WASHINGTON (Reuters) – New orders for key U.S.-made capital goods rebounded more than expected in May, but recouped only a portion of the prior two months’ declines, suggesting business investment could lag the broader economic recovery from the COVID-19 pandemic.
Orders for non-defense capital goods excluding aircraft, a closely watched proxy for business spending plans, increased 2.3% last month as demand rose across the board, the Commerce Department said on Thursday. These so-called core capital goods orders dropped 6.5% in April.
Economists polled by Reuters had forecast core capital goods orders advancing 1.0% in May. Core capital goods orders fell 2.5% on a year-on-year basis in May.
Shipments of core capital goods rose 1.8% last month. Core capital goods shipments are used to calculate equipment spending in the government’s gross domestic product measurement. Core capital goods shipments declined 6.2% in April.
The economy is showing tentative signs of improvement as businesses reopen after being shuttered in mid-March to slow the spread of the respiratory illness.
Retail sales, building permits and new home sales rebounded strongly in May. But weak demand, rising COVID-19 infections supply chain disruptions, which are hampering business investment, pose a risk to the economic recovery.
Economists expect business spending to contract in the second quarter, the fifth straight quarterly decline. The Atlanta Federal Reserve is forecasting gross domestic product plunging at a record 45.5% annualized rate in the April-June quarter. The economy contracted at a 5.0% rate in the first quarter, the sharpest decline since the 2007-09 recession.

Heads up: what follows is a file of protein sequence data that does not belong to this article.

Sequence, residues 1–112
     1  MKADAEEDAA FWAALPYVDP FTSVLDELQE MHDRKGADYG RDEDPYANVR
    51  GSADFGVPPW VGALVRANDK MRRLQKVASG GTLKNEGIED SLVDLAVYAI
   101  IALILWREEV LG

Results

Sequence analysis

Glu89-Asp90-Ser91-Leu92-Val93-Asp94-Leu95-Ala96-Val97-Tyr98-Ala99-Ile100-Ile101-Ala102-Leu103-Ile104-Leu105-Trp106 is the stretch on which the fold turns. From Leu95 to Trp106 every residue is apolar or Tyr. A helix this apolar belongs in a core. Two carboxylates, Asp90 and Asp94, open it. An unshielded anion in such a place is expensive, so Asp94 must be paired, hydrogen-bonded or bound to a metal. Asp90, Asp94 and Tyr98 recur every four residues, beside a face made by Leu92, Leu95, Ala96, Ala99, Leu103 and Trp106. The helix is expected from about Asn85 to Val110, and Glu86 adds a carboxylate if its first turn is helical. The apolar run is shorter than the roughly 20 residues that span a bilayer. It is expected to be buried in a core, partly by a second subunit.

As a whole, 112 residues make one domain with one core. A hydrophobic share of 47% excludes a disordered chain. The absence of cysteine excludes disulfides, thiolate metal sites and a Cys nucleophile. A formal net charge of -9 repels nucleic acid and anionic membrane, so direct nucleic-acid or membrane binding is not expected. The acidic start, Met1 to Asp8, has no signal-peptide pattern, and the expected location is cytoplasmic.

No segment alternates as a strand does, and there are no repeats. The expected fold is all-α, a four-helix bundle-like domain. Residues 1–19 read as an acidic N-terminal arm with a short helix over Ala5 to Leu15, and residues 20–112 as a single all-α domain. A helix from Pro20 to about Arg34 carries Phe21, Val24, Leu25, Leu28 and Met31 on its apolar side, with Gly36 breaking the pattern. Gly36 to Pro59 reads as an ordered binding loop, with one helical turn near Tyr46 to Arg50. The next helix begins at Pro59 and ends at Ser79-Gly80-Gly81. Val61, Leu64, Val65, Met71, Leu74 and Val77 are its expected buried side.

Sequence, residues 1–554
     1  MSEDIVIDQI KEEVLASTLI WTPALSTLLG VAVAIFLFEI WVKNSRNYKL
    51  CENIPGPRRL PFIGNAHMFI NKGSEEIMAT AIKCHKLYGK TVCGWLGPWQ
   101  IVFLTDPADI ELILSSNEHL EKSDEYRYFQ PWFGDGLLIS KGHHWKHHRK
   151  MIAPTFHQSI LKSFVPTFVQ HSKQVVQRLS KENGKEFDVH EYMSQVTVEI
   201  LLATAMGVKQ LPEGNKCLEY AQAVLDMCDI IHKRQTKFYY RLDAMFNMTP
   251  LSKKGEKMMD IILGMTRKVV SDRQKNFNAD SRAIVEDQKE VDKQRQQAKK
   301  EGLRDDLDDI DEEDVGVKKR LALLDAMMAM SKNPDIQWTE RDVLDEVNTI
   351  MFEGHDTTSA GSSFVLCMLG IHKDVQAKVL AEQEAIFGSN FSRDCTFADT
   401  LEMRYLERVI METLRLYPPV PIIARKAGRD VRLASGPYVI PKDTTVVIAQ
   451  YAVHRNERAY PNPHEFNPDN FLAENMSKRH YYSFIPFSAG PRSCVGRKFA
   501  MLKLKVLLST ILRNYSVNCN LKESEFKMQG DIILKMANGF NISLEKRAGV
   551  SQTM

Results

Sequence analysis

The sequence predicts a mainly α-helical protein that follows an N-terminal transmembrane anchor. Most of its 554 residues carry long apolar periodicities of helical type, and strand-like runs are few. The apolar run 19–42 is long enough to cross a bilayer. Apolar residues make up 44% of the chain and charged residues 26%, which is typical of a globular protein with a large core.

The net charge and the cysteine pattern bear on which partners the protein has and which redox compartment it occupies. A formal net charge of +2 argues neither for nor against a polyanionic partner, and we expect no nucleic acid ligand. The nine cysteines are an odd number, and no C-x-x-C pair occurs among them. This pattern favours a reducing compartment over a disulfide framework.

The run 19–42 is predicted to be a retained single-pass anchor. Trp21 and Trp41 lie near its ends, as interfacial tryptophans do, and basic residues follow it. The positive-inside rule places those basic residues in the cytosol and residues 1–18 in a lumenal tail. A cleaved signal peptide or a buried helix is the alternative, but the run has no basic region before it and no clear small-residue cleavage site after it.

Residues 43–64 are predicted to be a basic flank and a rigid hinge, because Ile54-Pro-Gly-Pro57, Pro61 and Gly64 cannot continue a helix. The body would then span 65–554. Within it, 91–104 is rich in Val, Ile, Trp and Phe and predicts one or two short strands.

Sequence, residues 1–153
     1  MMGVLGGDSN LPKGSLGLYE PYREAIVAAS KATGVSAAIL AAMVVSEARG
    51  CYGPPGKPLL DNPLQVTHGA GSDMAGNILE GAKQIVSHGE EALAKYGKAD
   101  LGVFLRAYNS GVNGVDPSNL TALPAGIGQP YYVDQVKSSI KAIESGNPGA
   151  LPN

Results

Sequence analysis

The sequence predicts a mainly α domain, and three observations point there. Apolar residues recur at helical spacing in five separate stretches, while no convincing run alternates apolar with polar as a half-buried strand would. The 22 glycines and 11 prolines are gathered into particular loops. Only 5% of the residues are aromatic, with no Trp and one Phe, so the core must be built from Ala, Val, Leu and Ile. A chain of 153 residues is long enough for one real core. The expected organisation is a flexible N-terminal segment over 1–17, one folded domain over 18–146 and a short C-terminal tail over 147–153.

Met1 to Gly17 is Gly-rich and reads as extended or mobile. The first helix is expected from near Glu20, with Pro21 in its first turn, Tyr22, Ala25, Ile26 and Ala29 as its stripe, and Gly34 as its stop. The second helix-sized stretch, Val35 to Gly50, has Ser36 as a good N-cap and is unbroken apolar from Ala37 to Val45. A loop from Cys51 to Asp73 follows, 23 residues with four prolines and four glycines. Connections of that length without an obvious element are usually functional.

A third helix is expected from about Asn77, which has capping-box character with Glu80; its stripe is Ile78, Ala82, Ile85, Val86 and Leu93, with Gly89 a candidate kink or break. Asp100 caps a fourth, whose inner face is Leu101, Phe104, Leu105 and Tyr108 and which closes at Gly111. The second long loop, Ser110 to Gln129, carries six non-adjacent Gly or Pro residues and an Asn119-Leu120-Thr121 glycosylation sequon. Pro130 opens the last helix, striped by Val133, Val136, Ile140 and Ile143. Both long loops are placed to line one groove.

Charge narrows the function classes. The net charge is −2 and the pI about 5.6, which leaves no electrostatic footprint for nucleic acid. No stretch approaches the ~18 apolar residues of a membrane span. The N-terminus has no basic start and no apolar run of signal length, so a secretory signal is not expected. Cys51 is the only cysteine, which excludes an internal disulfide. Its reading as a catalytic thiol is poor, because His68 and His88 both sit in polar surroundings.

Orders for durable goods, items ranging from toasters to aircraft that are meant to last three years or more, surged 15.8% in May after tumbling 18.1% in April. The rise in orders is broadly in line with improvements in regional manufacturing, where activity pulled off record lows in June.
Demand for transportation equipment jumped 80.7% after plunging 48.6% in April. Boeing (BA.N) reported nine aircraft orders in May after receiving none in April, according to information posted on its website.
Boeing been hurt by the fallout from two crashes in Indonesia and Ethiopia, which led to the grounding of its best-selling 737 MAX plane since March 2019.
Orders for motor vehicles and parts rose 27.5% last month.
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